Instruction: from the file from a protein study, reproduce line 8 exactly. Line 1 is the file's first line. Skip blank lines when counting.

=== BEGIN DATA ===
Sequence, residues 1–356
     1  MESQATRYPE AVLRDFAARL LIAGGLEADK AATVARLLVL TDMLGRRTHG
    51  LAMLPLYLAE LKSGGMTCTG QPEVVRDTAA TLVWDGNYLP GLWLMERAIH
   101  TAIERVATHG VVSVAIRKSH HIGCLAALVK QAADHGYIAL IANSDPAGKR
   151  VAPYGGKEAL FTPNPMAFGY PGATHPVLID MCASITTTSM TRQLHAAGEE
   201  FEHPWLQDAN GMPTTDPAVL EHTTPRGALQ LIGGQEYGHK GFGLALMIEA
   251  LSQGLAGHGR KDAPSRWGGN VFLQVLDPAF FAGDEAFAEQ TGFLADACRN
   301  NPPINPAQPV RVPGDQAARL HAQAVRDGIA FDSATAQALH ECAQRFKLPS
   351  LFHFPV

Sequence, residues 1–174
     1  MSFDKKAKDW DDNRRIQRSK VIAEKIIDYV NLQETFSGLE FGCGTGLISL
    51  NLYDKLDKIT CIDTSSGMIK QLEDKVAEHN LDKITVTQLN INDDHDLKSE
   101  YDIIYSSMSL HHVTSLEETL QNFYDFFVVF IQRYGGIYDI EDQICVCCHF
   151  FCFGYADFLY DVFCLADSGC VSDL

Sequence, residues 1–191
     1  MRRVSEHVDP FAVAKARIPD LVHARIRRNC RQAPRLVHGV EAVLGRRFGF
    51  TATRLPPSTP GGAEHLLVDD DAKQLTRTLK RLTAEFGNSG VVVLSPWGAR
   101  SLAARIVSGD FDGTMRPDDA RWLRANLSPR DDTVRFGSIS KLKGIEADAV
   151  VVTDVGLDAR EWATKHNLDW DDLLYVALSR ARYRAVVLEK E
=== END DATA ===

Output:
   301  NPPINPAQPV RVPGDQAARL HAQAVRDGIA FDSATAQALH ECAQRFKLPS